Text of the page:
Zuckerberg Outlines Plan, Ensures Election Integrity

Andre Parker September 22, 2017
Zuckerberg Outlines Plan, Ensures Election Integrity

Facebook Inc has decided to overhaul its political advertisement rules and to strengthen its security system against possible political interference attempts.

This comes amid the scrutiny the company is receiving due to allegations that its platform has been used by Russian entities to meddle in last year’s US presidential election.

Through the social media platform’s “live” feature, the company’s founder and chief executive officer Mark Zuckerberg outlined his plan of action to ensure the integrity of its website as a source of relevant and factual news.

“We are limited in what we can discuss publicly about law enforcement investigations, so we may not always be able to share our findings publicly,” said Zuckerberg, pledging to actively work with the government on its probe into Russian interference. “We support Congress in deciding how to best use this information to inform the public, and we expect the government to publish its findings when their investigation is complete.”

Zuckerberg also claimed that his company is continuously looking into the actions of different groups and organizations, including Russian operatives, before and during the 2016 US presidential election.

“We may find more, and if we do, we will continue to work with the government,” he said.

Arguably the most important highlight of Zuckerberg’s announcement is the company’s plan of bringing its political ads to “an even higher standard of transparency” than ads in other media.

The San Francisco-based company’s founder said that the company would now allow anyone to see any political ads running on Facebook, regardless of who the ads target. Aside from this, the company will also require political advertisers to divulge who pays for all the advertisements. This rule is being implemented by the US law to political ads found on the television but not on social media platforms.

“We will roll this out over the coming months,” said Zuckerberg.

The company also said it would submit copies of the 3,000 political ads that were likely bought by entities with Kremlin links during and after last year’s controversial election.

Moreover, he also noted that big portions of Facebook ads were bought without an advertiser “ever speaking to anyone at Facebook.” Although he did not outline or specify how or to what extent, he claimed that the company can do more to strengthen the process of its political ad review even without their employees involved in the sales.

“I’m not going to sit here and tell you we’re going to catch all bad content in our system. We don’t check what people say before they say it, and frankly I don’t think our society shouldn’t want us to,” he said. “Freedom means you don’t have to ask permission first, and that by default you can say what you want. If you break our community standards or the law, then you’re going to face consequences afterwards.”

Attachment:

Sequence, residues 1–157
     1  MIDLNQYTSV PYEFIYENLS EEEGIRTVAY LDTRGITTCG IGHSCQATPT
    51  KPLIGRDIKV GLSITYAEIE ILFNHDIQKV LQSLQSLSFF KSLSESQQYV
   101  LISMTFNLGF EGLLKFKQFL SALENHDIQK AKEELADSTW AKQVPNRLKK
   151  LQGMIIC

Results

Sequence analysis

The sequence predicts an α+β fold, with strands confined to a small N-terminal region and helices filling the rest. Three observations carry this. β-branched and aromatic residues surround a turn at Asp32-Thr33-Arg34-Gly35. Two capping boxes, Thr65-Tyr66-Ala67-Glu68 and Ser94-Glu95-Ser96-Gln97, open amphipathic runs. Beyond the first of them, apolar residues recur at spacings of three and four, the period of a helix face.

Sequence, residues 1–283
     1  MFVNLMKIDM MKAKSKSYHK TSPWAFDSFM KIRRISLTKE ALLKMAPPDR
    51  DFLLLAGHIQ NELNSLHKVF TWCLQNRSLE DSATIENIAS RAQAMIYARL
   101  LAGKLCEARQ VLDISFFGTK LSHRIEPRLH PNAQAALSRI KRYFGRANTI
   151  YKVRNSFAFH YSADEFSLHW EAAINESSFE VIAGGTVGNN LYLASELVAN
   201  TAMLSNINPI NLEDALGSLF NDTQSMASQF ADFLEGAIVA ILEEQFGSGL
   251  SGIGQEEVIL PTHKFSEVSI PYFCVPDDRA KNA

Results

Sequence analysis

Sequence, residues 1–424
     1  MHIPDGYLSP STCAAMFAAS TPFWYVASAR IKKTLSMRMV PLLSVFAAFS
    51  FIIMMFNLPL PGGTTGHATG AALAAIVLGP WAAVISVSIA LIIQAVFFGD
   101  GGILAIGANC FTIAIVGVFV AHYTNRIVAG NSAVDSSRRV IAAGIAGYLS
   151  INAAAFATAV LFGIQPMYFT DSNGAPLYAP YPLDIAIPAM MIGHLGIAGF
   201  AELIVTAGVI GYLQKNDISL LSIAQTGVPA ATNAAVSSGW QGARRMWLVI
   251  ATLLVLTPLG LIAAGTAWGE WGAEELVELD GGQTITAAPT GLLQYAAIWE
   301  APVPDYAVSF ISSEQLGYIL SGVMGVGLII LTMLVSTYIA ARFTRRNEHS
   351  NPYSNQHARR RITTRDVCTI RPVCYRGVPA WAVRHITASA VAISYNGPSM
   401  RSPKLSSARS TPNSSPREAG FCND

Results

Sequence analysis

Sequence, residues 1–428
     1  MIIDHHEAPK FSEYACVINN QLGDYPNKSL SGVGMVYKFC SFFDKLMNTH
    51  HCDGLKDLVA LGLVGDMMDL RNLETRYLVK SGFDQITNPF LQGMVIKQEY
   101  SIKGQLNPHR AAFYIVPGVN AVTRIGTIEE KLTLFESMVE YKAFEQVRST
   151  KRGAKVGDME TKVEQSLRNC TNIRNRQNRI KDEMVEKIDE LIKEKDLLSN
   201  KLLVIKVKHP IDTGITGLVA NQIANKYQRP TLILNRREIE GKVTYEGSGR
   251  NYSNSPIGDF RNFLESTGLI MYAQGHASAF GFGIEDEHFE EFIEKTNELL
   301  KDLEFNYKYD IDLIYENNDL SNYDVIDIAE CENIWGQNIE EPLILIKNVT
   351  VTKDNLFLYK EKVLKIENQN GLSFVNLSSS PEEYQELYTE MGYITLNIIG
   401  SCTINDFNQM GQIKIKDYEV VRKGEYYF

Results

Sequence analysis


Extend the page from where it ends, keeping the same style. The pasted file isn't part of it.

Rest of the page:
Another important point in his live feed was the increased investment in security and election integrity that Zuckerberg plans to roll out.

He said that Facebook will tremendously increase the size of the team working on election integrity, although he did not reveal how many people are currently working or will eventually work on it. Alternatively, he indicated that the company will add over 250 people across its teams that are focused on security, possibly working not only on elections but also covering other issues. Facebook will also establish a new channel, through which the social network will inform election commissions of the online risks the firm identifies.

Zuckerberg also expressed his willingness to cooperate with other tech companies when it comes to internet platform abuses. He claimed that Facebook is currently figuring out ways to alert other platforms about any case of election interference. This is considered a beneficial move for other tech companies. For instance, Twitter has also been recently summoned by a government committee to look into the possibility that its online platform has been used to meddle with the election. It has also been asked discuss the actions it would take against the proliferation of bot accounts on its website.

“It is important that tech companies collaborate on this because it’s almost certain that any actor trying to misuse Facebook will also be trying to abuse other internet platforms too,” said Zuckerberg.

Furthermore, Zuckerberg promised to bless Facebook users with more protection while engaging political discourse. He claimed that the company is currently putting up anti-bullying systems in order to prevent political harassment. He also said that the system would help the people understand election issues deeper.

Lastly, Zuckerberg said that it has not yet found an attempt at election meddling in Germany. However, he said that the company will continuously monitor fake accounts and examine other suspicious activities.

“I don’t want anyone to use our tools to undermine democracy. That’s not what we stand for,” Zuckerberg said.


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Andre Parker

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